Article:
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Lesson Transcript

Shira: Hi everyone. Welcome back to HebrewPod101. This is All About Lesson 11 – The Top Five Useful Tools For Learning Hebrew. I’m Shira.
Amir: And I’m Amir. [שלום]
Shira: Today we have study aids for you Hebrew lessons.
Amir: Indeed we do.
Shira: We’re going to tell you about the best tools to help you learn Hebrew, besides us, of course.
Amir: So these are supplements for you.
Shira: Think of these as the hammer, nail, wood or glue that are going to help you build your Hebrew.
Amir: Once you have these tools, imagine what you can do.
Shira: Yes, even if you try out one of two that suit you, it’s going to bring you a lot of benefit. We know because we’ve been there.
Amir: The best part is you can come to HebrewPod101.com to share and learn what has worked for other students just like you.
Shira: We have learners from all over the world with many learning styles. From the Bill Gates of learning Hebrew to the book worm who doesn’t like computers, there is someone in our community who shares your style of learning. And we can all give each other tips.
Amir: So come and say hello, and meet some language learning partners.
Shira: Ok. Now, number one. What is the number one thing that you’re going to need, Amir?
Amir: A Hebrew dictionary.
Shira: Right. Sorry guys, that was a bit of an anti-climax.
Amir: Anti-climax perhaps, but necessary.
Shira: However, we do have some very exciting dictionaries.
Amir: Yes, there are some surprising new forms out there that won’t make your school bag any heavier.
Shira: So number two is online dictionaries.
Amir: Another one, number three, is a grammar dictionary.
Shira: Number four is an old favorite, flash cards.
Amir: They’ve helped us so many times.
Shira: And at last but definitely not least, audio and visual aids. So a Hebrew dictionary… this is like what, the hammer?
Amir: Exactly, the most essential tool.
Shira: Ok, here there are several kinds of dictionaries. Even some specialized forms you may never have heard of.
Amir: So, of course, you can choose the paper form.
Shira: But these are heavy and tedious. Manually looking up words isn’t always that easy and it takes a long time.
Amir: Instead, there are some other great tools that have been created to make it easier.
Shira: Electronic dictionaries, for instance, have developed tremendously. And I recommend the hand-held dictionary from Babylon.
Amir: This dictionary is especially recommended because it has all the verb conjugations in it, so you will never get stuck when trying to look up a word.
Shira: It also has an extensive databank with phrases for most situations. So you’ll never need to panic.
Amir: But of course, if you prefer the good, old hardback, there are some excellent dictionaries out there.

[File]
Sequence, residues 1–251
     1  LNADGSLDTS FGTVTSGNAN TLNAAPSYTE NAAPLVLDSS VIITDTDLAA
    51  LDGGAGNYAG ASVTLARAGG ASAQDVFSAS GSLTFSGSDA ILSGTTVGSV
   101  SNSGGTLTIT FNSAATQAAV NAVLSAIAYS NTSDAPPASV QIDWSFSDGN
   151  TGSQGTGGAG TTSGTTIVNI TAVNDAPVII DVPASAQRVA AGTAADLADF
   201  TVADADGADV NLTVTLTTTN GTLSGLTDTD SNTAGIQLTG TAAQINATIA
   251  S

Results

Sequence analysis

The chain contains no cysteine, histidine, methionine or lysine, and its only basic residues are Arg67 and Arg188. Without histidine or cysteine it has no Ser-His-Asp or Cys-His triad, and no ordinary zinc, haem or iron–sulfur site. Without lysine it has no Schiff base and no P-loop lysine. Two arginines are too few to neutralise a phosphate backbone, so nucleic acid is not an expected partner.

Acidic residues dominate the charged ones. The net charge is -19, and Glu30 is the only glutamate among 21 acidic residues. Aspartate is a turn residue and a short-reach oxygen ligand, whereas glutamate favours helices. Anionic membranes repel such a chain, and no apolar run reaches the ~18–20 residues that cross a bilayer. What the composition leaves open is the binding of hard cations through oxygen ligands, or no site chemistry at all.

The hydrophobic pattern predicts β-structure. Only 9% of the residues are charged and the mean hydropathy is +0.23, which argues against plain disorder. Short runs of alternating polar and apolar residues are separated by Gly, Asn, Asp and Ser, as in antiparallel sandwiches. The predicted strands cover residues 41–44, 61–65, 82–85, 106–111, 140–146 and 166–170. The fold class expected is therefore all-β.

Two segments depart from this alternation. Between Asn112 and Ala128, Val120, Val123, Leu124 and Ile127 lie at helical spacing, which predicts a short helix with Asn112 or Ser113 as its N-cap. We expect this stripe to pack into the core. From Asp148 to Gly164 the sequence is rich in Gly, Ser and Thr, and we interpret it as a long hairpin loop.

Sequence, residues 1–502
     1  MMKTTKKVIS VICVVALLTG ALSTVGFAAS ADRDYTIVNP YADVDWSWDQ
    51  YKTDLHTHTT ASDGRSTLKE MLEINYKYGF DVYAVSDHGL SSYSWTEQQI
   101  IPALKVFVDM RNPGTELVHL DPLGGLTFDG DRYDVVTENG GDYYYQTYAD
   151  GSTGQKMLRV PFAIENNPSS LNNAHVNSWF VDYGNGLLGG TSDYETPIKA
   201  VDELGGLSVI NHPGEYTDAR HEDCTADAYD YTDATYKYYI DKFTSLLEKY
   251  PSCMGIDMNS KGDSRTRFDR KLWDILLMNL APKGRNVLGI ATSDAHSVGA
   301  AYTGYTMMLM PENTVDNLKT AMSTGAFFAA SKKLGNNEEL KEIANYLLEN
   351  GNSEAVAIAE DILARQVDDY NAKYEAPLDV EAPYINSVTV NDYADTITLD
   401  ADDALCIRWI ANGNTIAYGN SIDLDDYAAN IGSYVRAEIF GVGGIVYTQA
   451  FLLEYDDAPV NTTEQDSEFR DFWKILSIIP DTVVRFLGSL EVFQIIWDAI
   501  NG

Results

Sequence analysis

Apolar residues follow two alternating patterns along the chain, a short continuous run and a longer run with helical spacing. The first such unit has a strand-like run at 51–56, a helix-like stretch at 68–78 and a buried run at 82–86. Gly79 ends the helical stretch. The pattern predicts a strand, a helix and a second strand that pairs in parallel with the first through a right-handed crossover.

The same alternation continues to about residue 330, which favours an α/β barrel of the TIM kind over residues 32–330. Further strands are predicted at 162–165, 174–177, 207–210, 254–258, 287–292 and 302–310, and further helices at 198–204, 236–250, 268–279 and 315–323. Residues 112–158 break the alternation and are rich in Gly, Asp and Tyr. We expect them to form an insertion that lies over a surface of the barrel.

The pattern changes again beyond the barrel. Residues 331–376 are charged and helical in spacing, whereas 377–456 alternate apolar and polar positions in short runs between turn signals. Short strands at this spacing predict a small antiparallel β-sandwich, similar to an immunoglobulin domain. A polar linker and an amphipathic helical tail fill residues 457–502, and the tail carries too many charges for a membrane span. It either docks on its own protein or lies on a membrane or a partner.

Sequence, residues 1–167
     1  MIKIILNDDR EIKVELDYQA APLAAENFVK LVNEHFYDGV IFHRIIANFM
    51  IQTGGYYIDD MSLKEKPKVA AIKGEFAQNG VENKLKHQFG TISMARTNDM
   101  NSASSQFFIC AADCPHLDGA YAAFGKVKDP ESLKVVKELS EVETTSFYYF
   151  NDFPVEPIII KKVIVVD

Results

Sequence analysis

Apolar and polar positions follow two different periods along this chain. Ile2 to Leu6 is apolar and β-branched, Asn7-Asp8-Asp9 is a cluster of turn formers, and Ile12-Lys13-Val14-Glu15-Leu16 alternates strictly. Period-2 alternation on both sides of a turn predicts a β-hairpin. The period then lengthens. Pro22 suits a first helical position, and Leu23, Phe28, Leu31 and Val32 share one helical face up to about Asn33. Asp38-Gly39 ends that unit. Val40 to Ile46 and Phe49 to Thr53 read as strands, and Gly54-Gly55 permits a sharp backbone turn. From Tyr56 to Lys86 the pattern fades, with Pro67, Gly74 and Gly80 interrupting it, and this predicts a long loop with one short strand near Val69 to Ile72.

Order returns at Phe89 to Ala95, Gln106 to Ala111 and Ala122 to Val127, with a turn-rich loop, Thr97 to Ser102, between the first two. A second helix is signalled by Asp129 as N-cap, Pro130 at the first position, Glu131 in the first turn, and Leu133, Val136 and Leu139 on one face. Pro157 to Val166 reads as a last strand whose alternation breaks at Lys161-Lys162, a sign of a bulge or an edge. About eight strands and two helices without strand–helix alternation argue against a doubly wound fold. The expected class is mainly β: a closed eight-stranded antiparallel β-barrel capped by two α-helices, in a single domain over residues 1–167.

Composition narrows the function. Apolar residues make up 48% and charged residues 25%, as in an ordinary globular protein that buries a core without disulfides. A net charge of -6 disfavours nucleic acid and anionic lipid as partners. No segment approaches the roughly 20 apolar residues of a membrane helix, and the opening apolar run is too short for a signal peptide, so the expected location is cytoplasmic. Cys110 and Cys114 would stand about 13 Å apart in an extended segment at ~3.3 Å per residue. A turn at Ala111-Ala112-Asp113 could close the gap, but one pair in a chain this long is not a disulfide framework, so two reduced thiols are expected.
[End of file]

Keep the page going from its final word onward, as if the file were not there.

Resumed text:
Shira: Yes. I personally recommend Oxford dictionaries. They always have the most updated words and phrases.
Amir: But they are quite heavy.
Shira: True.
Amir: And if you were to use the paper dictionary in a restaurant, you might get a very impatient waiter.
Shira: Or worse, you might have to give up and just randomly pick. Scary… Ok, tool number two is all about translation.
Amir: Tool number two is an online aid.
Shira: Yes, it’s called Morfix. Inevitably, like everything in life these days, some of your learning resources are going to be found online.
Amir: You practically can’t avoid it.
Shira: So when faced with characters you don’t know on your computer screen, you’re not alone. There’s help.
Amir: And you can find it at www.morfix.marco.co.il It’s free and it’s a very useful dictionary.
Shira: The good news is is that they now have the webpage in English as well. It’s the best online dictionary available, which is why we’re recommending it.
Amir: It was made for Hebrew speakers to learn English, but it’s so much better than other online dictionaries that it can be used the other way as well.
Shira: If you think you can settle for a simpler online dictionary, Babylon or Lingvosoft work perfectly fine.
Amir: Oh, and if you’re using Firefox as your browser, you can install an add-on called Babylfish that translates a word when you hover with the cursor over it.
Shira: Ok, so dictionaries are a great tool, but now let’s continue to tool number three.
Amir: Our next tool is a grammar reference.
Shira: So once you have some vocabulary down, you of course need to form sentences.
Amir: And as we know, this is done with grammar.
Shira: Yes, and if you don’t have time to take Hebrew grammar lessons every day and only listen to HebrewPod101, a grammar reference compliments your studies nicely.
Amir: I think everyone should have a grammar reference at hand.
Shira: Definitely. And there are many out there in pocket form, so you don’t have to break your back learning Hebrew.
Amir: When looking for a grammar reference, make sure that it’s for Modern Hebrew and not biblical Hebrew. The two are not exactly the same, and if you use the grammar for biblical Hebrew, you may get some pretty interesting responses.
Shira: Yeah, that would be kind of funny actually. Now let’s get back to something more creative.
Amir: So my personal favorite is flash cards.